These three factors converged to make it seem that a heart disease “epidemic” had been born.
Then in 1950, a scientist named Ancel Keys proposed a hypothesis that saturated fat and cholesterol caused heart disease. He based his hypothesis on a study in which he gathered data from 22 countries on what people ate and the rates of heart disease in those regions. His results showed that as saturated fat consumption rose, so did heart disease.
But he cherry-picked his data. He left out data from countries in which saturated fat consumption was high but heart disease rates were low and ignored data from other countries where fat consumption was low, but heart disease rates were high.
He wrote a book explaining his unproven “lipid hypothesis” and Time magazine put him and his book on the cover in 1961. The false idea that saturated fat caused heart disease was picked up by other media channels, and soon, the war was declared on cholesterol and saturated fat and the medical community went into overdrive to get the word out about the benefits of a low-fat diet.
Agencies such as the American Heart Association and the National Institutes of Health began to collect and allocate huge sums of money to combat this “epidemic” of heart disease mortality. They built multimillion-dollar budgets and their reputations on the hypothesis that a low-fat diet was best since “heart disease was caused by saturated fat intake and high cholesterol levels.”
Repetition Makes a Lie Seem Real
There was no scientific research to prove the idea that saturated fat caused heart disease. Ancel Key’s study was fatally flawed, and no other study supported the idea.
But that didn’t stop the US Senate. In 1977, even without the support of sound scientific evidence, the Senate Select Committee on Nutrition and Human Needs, chaired by George McGovern published the “Dietary Goals for the United States”. The report actively supported the consumption of vegetable oils and lower-fat foods. Citing USDA data on fat consumption, it stated that “the overconsumption of fat, generally, and saturated fat in particular. . . have been related to six of the ten leading causes of death. . .” in the United States.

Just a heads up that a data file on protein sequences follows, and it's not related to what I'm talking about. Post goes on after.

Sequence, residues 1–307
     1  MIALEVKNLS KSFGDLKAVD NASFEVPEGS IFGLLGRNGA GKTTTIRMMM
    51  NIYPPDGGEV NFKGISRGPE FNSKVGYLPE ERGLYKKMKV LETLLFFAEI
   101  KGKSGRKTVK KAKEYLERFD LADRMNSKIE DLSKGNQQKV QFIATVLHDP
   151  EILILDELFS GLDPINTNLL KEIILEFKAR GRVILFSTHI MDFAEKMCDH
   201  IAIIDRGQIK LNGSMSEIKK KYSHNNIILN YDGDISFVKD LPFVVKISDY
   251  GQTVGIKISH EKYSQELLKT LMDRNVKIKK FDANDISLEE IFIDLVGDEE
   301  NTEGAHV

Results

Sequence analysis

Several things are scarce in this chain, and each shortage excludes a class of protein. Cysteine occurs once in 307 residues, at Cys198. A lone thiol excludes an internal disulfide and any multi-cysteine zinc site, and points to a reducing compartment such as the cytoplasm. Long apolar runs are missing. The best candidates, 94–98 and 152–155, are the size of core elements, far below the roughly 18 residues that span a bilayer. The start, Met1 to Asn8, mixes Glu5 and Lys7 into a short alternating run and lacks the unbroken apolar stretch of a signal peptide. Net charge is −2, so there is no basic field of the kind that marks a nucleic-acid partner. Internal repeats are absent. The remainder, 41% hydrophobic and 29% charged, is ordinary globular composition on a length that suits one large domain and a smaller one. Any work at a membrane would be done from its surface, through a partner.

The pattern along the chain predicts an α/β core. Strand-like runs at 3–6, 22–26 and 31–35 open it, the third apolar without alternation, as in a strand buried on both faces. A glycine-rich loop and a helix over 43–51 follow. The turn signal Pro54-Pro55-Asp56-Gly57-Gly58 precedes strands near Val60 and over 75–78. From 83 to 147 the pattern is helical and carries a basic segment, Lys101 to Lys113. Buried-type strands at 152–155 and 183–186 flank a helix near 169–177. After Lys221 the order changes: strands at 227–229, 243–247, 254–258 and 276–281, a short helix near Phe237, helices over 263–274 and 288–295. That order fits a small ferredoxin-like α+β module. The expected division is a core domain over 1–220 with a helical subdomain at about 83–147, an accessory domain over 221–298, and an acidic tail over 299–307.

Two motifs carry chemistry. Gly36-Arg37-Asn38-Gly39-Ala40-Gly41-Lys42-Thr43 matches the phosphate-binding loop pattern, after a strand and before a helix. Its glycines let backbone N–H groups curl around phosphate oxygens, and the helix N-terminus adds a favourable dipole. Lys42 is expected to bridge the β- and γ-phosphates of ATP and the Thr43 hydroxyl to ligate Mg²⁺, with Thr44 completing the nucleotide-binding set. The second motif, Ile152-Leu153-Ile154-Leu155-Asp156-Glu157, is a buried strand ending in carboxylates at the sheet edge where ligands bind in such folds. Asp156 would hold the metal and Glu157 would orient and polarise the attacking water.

Worse, the report was written, not by a team of scientists using evidence from controlled studies, but by a young labor reporter who took his data from only one scientist, a nutritionist who believed fervently in the unproven “saturated fat causes heart disease” hypothesis.
The low-fat diet is a healthy idea that took hold in the media and through repetition and deep financial dependence, it became fixed in the American psyche.
Get All the Facts
So listen closely to the advice you get about healthy eating and any diagnosis to lower your fat consumption and cholesterol levels. Remember that this advice is based NOT on scientific evidence, but on a rise in diagnosis categories, corn oil consumption, a report researched and written by a young labor reporter and an illogical leap of faith.
Resources for Further Reading:
- What If It Has All Been a Big Fat Lie? an article by science writer Gary Taubes
- The Great Cholesterol Con by Anthony Colpo
- Good Calories, Bad Calories: Fats, Carbs, and the Controversial Science of Diet and Health (Vintage) by Gary Taubes
- The Great Cholesterol Con: The Truth About What Really Causes Heart Disease and How to Avoid It by Malcolm McKendrick
- Know Your Fats by Sally Fallon